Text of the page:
The mitigation work also allows us to get an idea of what surviving rabbits are out there.  The sightings of live rabbits are very few and far between, and these sightings have been in areas which have since been baited again.  Hopefully by the time that the hunting phase of the project begins, there will either be none, or only a handful of surviving rabbits.


28 MAY 2011 


It has been a long, difficult journey, but as of 26th May 2011 we have finally achieved 100% bait coverage of Macquarie. Being part of the team last year, it is a huge boost to the morale to get to this point. After personally investing much time and effort last year to no avail, it is fantastic to know that this job has a chance of being successful.

Macquarie Island is a unique place to fly helicopters. While being a relatively small island, it has plenty of scenery and wildlife that keeps you interested. While I have been doing my job here I have been able to see penguins playing in the bow thrusters of the Aurora Australis while unloading bait pods to Hurd Point. When unloading fuel drums to the station from the ship, I got to see a pod of orcas surface near the zodiac dinghies carrying out the station refuelling. These are pretty special experiences for a lad from New Zealand’s South Island.

While Macquarie can offer these unique sights, it can also deal us some interesting flying conditions. For such a small island with relatively low topography, it is incredible how turbulent it can get. With the predominant westerly winds, the eastern coast is often not a fun place to be for a helicopter. The wind rolls over the small hills and rotors over the lee side creating unstable air. There is no time for complacency here, especially when flying with a bucket with 650kg of bait underneath the helicopter.

The weather can also change incredibly quickly, for better or worse. One minute you are in sunshine flying north on a sowing run and when you turn around cloud has formed on the hills behind you making it impossible to continue baiting. This year however has been much more favourable with more clear days on the plateau making our job that much easier. While there are some similarities to flying at home in New Zealand, Macquarie has the weather cranked up to 11!

I have been very impressed with the loading crew’s enthusiasm for the job. While it is hard work for us to fly in some unfavourable conditions, the guys and girls on the ground work harder to keep us in the air.  Each load requires 26 bags that each weigh 25 kilos. With some days of 60 loads, that is a lot of bags to open and lift. Some of the loading teams have never had experience doing this type of work and it is great to see how well they are going. Without their hard work in freezing conditions we could not achieve this great result. They also make some tasty sandwiches for us pilots and crew!

Also on the ground keeping us going are our two engineers Jeremy and Wayne. These two lads have a job that involves long periods of waiting while we are flying, then intense work while the machines are on the ground. The helicopters have to be pre- and post-flight inspected each day of flying. When not flying, cleaning needs to be kept up to keep the corrosion from the ever present salt at bay.  Larger inspections are also carried out when required.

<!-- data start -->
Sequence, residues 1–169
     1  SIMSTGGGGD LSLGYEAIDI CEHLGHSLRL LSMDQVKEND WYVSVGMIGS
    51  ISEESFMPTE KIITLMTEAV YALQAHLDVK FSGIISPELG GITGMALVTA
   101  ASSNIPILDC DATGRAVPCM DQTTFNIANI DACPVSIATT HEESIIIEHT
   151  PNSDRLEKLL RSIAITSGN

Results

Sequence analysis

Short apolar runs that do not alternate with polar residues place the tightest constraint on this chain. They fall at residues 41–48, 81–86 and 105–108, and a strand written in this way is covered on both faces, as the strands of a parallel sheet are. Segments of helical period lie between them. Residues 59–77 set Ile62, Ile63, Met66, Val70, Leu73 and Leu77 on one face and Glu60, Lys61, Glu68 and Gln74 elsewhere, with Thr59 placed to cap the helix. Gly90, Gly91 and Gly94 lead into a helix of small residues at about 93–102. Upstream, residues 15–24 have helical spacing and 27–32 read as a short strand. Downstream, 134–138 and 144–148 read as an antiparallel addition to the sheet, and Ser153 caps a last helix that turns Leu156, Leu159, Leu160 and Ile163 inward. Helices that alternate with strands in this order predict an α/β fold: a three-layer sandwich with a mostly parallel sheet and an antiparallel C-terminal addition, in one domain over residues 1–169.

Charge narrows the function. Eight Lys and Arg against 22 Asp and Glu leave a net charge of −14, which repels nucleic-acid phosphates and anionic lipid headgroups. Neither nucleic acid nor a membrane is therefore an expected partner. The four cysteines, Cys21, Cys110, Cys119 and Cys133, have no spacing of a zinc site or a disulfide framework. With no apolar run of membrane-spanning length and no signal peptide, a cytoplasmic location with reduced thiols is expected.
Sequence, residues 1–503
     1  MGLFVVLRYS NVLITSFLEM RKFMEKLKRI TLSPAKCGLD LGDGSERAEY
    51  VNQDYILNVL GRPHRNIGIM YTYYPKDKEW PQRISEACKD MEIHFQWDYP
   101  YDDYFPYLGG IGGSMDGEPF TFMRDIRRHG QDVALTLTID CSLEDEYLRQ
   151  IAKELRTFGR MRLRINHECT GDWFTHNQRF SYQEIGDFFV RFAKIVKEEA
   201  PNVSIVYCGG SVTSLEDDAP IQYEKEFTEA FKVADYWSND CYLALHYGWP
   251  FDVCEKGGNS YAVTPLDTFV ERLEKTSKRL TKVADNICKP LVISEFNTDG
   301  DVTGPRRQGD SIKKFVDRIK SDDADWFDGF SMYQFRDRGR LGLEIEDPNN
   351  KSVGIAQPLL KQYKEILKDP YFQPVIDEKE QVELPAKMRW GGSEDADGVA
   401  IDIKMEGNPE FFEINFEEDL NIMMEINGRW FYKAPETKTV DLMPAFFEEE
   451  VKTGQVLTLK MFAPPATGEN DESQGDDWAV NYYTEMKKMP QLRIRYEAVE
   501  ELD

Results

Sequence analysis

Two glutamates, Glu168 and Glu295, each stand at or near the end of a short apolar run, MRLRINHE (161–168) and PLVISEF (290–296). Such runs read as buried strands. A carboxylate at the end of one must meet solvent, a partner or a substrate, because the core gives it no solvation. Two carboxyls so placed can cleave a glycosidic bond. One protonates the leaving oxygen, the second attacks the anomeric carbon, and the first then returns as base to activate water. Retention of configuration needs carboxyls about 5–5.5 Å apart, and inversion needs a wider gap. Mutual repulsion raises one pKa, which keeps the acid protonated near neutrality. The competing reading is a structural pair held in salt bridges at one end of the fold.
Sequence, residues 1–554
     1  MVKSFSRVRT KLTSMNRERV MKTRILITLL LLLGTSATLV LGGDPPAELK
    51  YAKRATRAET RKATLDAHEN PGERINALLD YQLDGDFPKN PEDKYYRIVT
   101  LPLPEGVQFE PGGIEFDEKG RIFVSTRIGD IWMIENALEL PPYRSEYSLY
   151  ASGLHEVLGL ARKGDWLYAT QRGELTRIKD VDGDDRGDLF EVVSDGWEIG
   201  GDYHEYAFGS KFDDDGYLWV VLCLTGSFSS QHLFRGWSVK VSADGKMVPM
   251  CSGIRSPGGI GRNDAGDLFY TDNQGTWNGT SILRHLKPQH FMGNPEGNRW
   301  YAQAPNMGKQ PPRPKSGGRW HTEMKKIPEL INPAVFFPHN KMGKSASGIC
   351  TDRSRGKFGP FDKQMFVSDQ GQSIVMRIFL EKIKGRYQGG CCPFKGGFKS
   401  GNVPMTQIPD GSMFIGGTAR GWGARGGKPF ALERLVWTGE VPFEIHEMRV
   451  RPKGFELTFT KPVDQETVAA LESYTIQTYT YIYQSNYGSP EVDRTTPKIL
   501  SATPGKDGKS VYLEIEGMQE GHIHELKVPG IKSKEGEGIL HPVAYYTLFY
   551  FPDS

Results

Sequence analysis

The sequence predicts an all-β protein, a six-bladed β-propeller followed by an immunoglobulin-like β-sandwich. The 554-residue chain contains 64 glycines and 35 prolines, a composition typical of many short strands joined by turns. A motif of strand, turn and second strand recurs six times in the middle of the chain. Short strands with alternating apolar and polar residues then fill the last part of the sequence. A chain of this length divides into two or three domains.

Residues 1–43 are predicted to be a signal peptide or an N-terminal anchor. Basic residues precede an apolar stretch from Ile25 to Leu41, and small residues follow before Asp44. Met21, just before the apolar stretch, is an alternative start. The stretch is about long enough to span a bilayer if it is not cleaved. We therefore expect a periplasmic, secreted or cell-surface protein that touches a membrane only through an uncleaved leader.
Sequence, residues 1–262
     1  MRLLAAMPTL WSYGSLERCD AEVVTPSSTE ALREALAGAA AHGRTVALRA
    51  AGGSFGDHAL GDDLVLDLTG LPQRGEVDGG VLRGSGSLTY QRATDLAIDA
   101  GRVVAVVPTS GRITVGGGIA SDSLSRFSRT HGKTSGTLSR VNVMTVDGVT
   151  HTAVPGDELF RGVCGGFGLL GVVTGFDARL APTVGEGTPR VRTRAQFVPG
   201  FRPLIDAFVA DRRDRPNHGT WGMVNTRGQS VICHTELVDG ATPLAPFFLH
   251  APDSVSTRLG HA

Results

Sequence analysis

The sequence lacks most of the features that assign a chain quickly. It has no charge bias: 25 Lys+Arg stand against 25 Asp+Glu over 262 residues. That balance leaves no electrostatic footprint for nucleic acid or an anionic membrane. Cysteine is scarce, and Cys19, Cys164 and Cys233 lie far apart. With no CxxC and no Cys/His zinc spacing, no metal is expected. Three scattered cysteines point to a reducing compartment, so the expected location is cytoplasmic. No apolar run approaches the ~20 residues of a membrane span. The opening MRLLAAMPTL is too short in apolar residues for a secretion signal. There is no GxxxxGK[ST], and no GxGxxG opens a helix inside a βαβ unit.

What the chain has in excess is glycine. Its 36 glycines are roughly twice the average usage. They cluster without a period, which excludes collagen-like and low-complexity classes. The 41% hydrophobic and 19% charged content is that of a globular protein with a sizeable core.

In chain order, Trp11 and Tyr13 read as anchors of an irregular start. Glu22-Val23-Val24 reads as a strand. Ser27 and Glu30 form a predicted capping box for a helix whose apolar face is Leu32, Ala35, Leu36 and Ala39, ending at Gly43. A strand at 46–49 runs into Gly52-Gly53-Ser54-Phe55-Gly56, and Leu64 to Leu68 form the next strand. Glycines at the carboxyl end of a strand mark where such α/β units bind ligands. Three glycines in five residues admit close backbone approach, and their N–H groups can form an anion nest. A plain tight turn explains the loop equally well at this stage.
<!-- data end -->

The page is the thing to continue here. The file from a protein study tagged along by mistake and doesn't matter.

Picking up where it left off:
The AAD station crew are right behind us too which is a great help. Met reports, workshop repairs, fantastic food from chef Danny and entertainment from Wayne the plumber are some of the contributions from the “locals”.

To sum up, this job is a huge team effort, and it is really satisfying to see everyone pitching in and paddling the canoe in the same direction to achieve the goal of eradication on Macca.

13 MAY 2011


Well, it is less than a fortnight since we farewelled the ‘Aurora Australis’, and we have not let the Stilbocarpa grow beneath our feet.  The eradication team swung into action immediately and have already surpassed expectations for the poison bait drop.  By Thursday 12 May, 72% of the island had been covered with bait for the first of two drops.

The weather has been kind and the team has managed to work most days, even if it is for only a few hours, when the mist has cleared or the wind has dropped.

We started at Hurd Point, at the southern end of the island. Here the only flat land for operating the baiting operation from is also favoured by royal penguins for breeding during the brief subantarctic summer.  Therefore we spent several days slushing around ankle deep in penguin poo, which was aromatic to say the least.  Needless to say, the team was happy to move onto Green Gorge, halfway up the east coast, for the baiting of the middle portion of the island.

By now, the two bait loading teams are working well and have become very used to shifting tonnes of 25kg bait bags out of, and onto, bait pods before feeding the insatiable maws of the bait buckets slung under the helicopters.  There seems to be an endless circuit of helicopters swooping in, having their bait buckets loaded, before swinging away to spread lines of bait across the countryside.